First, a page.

Directive 2014/36/EU of the European Parliament and of the Council of 26 February 2014 on the condition of entry and stay of third-country nationals for the purpose of employment as seasonal workers.

FOREWORD  iii rights and benefits – particularly non-contributory ones financed through general taxation – granted to temporary migrants, as compared to long-term and permanent residents.3 My answer to the question would be threefold: first of all, contrary to a widespread perception, most empirical studies have shown that the fiscal impact of migrants – the ‘burden’ of migrants on the host state’s public finances and social security system – is negligible, i.e. neither significantly positive nor negative, and is in most cases positive when it relates to labour migrants, particularly if they are highly educated or highly skilled.4 Secondly, reducing migrant workers’ rights might not only reduce the attractiveness of the EU for those migrants we do want to attract – bearing in mind that access to social security, educational systems and conditions for family reunification, to name just a few, can be as important as wages and other working conditions – but may also lead to unfair competitive advantages for those employing migrants and therefore negatively affect local workers. Thirdly, when assessing costs and benefits, it would be misleading to reason only in purely economic terms: the impact of migrants in a host society needs to be considered in a broader context, and account has to be taken of the broader societal costs of having ‘second-class’ workers and individuals, with fewer rights and possibly perceiving themselves as being discriminated against. A labour migration policy that relies heavily on temporary migration schemes – characterised by more limited rights granted to migrants – may entail high costs in terms of social disruption and lack of cohesion within society.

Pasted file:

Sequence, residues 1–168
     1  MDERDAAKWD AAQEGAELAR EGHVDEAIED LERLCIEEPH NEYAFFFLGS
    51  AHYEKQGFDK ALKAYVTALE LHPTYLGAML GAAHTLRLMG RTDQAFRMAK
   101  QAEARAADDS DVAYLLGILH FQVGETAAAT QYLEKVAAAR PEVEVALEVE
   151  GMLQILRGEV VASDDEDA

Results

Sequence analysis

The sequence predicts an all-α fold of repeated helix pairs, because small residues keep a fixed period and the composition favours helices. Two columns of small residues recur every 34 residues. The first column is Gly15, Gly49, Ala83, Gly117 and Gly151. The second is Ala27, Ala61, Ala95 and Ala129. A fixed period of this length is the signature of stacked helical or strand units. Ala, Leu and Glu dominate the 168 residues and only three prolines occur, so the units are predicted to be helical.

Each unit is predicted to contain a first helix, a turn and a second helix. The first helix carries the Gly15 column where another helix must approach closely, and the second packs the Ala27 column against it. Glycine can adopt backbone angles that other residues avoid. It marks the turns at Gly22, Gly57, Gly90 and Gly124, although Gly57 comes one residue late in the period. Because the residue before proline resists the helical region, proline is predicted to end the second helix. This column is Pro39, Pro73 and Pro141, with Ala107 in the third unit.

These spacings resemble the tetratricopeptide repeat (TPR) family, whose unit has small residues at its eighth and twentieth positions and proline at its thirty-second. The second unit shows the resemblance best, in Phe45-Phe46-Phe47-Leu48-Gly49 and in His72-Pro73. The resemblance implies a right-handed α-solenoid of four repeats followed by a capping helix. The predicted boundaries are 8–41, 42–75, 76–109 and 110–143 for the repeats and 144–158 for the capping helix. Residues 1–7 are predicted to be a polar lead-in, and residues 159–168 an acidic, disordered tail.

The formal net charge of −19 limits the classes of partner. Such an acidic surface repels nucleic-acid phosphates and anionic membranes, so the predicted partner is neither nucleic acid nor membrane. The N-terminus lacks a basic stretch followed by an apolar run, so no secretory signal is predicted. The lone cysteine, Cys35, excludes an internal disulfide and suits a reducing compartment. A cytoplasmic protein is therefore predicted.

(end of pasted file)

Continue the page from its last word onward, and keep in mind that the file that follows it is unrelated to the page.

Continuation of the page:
This leads me to the multifaceted question of integration of migrants, addressed in Section I of the book, which is an essential component of any well-managed migration policy, and is also closely linked to many other policies (employment, education and social policies, for example). While this area remains primarily a member state’s responsibility, some provisions regarding integration have been introduced in the EU acquis on legal migration and a number of tools and platforms have been developed at EU

See the European Migration Network (EMN) study on “Migrant Access to Social

Security and Healthcare: Policies and Practice” (2014), available on the EMN website (http://ec.europa.eu/dgs/home-affairs/what-wedo/networks/european_migration_network/index_en.htm).

OECD (2013), “The Fiscal Impact of Immigration in OECD Countries”, in International Migration Outlook 2013, Paris: OECD Publishing; see also E. Guild, S. Carrera and K.

Eisele (2013) (eds), Social Benefits and Migration. A Contested Relationship and Policy Challenge in the EU, Brussels: Centre for European Policy Studies.

iv  CECILIA MALMSTRÖM level to support and provide incentives for member states’ actions, especially to facilitate exchange of knowledge and best practice and favour dialogue with relevant stakeholders (such as the network of National Contact Points on Integration, the European Integration Forum, the European website on Integration, and EU Handbooks and Modules on integration). Projects developed at national level have been financed through the European Fund for the Integration of Third-Country Nationals, covering, for example, the organisation of language classes, orientation courses, intercultural dialogue and efforts in schools and education systems. Additionally, a smaller share of the Fund has been used to support transnational projects, to further capitalise on valuable experience of integration policies and practices.

Member states’ cooperation has also led to significant progress in the field of monitoring migrants’ integration outcomes, leading notably to a set of common, comparable indicators. Over the years, this type of ‘soft’ harmonisation has led to a certain approximation of member states’ integration policies. But much remains to be done in this sensitive area, for example, regarding migrants’ political rights and the path towards citizenship, and we must bear in mind that any measures to favour integration need to take into account the different national and local contexts and to involve all the stakeholders concerned.